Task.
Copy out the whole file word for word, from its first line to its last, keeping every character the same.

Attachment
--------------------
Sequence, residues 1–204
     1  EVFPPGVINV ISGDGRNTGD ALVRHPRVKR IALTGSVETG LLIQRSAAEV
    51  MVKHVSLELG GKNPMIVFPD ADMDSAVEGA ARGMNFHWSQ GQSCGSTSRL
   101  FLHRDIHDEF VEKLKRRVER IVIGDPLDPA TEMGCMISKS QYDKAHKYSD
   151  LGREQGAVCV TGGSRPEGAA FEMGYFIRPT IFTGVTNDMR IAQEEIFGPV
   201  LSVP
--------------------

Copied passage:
Sequence, residues 1–204
     1  EVFPPGVINV ISGDGRNTGD ALVRHPRVKR IALTGSVETG LLIQRSAAEV
    51  MVKHVSLELG GKNPMIVFPD ADMDSAVEGA ARGMNFHWSQ GQSCGSTSRL
   101  FLHRDIHDEF VEKLKRRVER IVIGDPLDPA TEMGCMISKS QYDKAHKYSD
   151  LGREQGAVCV TGGSRPEGAA FEMGYFIRPT IFTGVTNDMR IAQEEIFGPV
   201  LSVP